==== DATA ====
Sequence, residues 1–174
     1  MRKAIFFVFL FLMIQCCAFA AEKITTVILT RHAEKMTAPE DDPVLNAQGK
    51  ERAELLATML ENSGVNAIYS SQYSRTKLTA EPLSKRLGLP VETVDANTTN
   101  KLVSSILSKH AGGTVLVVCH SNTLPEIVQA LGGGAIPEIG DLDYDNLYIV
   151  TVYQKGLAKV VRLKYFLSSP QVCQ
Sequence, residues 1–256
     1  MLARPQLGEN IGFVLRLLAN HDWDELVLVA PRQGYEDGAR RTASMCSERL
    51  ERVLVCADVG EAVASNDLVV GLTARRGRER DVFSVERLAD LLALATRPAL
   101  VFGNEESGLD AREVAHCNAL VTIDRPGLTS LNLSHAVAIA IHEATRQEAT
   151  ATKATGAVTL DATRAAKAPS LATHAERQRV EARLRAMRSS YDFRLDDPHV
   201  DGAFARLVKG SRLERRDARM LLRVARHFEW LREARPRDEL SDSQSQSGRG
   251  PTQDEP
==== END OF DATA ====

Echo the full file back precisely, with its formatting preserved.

Sequence, residues 1–174
     1  MRKAIFFVFL FLMIQCCAFA AEKITTVILT RHAEKMTAPE DDPVLNAQGK
    51  ERAELLATML ENSGVNAIYS SQYSRTKLTA EPLSKRLGLP VETVDANTTN
   101  KLVSSILSKH AGGTVLVVCH SNTLPEIVQA LGGGAIPEIG DLDYDNLYIV
   151  TVYQKGLAKV VRLKYFLSSP QVCQ
Sequence, residues 1–256
     1  MLARPQLGEN IGFVLRLLAN HDWDELVLVA PRQGYEDGAR RTASMCSERL
    51  ERVLVCADVG EAVASNDLVV GLTARRGRER DVFSVERLAD LLALATRPAL
   101  VFGNEESGLD AREVAHCNAL VTIDRPGLTS LNLSHAVAIA IHEATRQEAT
   151  ATKATGAVTL DATRAAKAPS LATHAERQRV EARLRAMRSS YDFRLDDPHV
   201  DGAFARLVKG SRLERRDARM LLRVARHFEW LREARPRDEL SDSQSQSGRG
   251  PTQDEP